This is what Ebert calls “touching the bases.” I touch them all, and hope to become a better person. Once a year, a random collection of oddments across all media - the musical, the sculptural, the edible, the literary, the cinematical, the biological - has the ability to de-Grinchify my cantankerous heart and send me spiraling backwards to an imagined 1840s London driven dark by furious black and white and poorly-preserved film stock. (Scrooge, the best of the filmed adaptations of A Christmas Carol, plays at the TIFF Bell Lightbox on December 20. This is Base #1. Though I admit, the notion of seeing the film on anything other than a 4x3 television set disturbs me down to my marrow bones.) Base #2 is Dickens’ novella itself, which I do not read every year, but nearly every year. It doesn’t take long - you can crank through it while you’re waiting for the house to go quiet on the 24th, which inevitably takes less time than you think, but no matter; you can stay up a bit past the descent of silence, just to get to Stave Five, a.k.a. the Stave That Totally Owns.Read more
So: why, I wonder, did the Eiffel Tower scene in Zazie dans le Metro scare the shit out of me? Up until Mission Impossible 4 last year I never would have thought myself scared of heights; I still don’t. Yet with each improbable step off what seemed to be the top of that tower in Zazie, I could feel thousands of feet of open air tingle beneath my toes. It’s bizarrely kinetic. I’m also a big fan of the sequence of Zazie and the cabbie descending down the tower’s spiral staircase for what seems like hours, the camera languidly tracking with them, while they argue about this and that; the movie is a lot of argument between that foul-mouthed kid and the entire sex-besotted adult world.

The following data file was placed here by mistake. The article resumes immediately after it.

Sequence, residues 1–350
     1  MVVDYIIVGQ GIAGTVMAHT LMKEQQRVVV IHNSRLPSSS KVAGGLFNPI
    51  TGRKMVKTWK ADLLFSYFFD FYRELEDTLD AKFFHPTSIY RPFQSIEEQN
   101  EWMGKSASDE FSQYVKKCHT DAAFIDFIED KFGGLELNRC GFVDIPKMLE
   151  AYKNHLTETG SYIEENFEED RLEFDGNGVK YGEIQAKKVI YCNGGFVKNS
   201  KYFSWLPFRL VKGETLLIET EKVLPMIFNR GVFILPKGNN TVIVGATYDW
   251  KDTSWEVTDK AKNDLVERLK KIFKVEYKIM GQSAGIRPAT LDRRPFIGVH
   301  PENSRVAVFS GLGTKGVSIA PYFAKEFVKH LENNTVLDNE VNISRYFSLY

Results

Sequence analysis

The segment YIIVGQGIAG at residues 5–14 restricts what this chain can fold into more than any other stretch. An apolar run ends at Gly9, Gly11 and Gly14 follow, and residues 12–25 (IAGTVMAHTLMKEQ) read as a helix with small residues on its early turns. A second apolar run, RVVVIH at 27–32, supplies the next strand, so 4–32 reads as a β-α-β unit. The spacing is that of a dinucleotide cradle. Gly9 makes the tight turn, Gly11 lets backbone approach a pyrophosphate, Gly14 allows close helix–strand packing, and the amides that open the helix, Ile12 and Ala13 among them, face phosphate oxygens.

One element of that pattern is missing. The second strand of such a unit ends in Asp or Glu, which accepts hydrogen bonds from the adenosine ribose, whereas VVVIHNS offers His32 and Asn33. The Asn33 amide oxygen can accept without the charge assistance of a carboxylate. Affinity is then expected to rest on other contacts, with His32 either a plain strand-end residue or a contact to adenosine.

But seriously kids: moules et frites? That’s a thing? And what to make of the moules et frites scene, where Zazie gamely tells a story with some key details left out, but which seems to be about the time her mother caught her father trying to have sex with Zazie, and shot him dead on the spot – all told with the protagonist’s nominal carefree style. I quite like the visual gag of the crowd of people slowly mounting in the window behind the table as Zazie talks, a pack of mussels themselves, and when Zazie leaps up, her story done, and jumps on the table, smashing the mussel shells as she takes off, it’s like the end of a magic trick. I think the scene is somewhat like the movie for me – I didn’t really figure out I liked it till it was done.Read more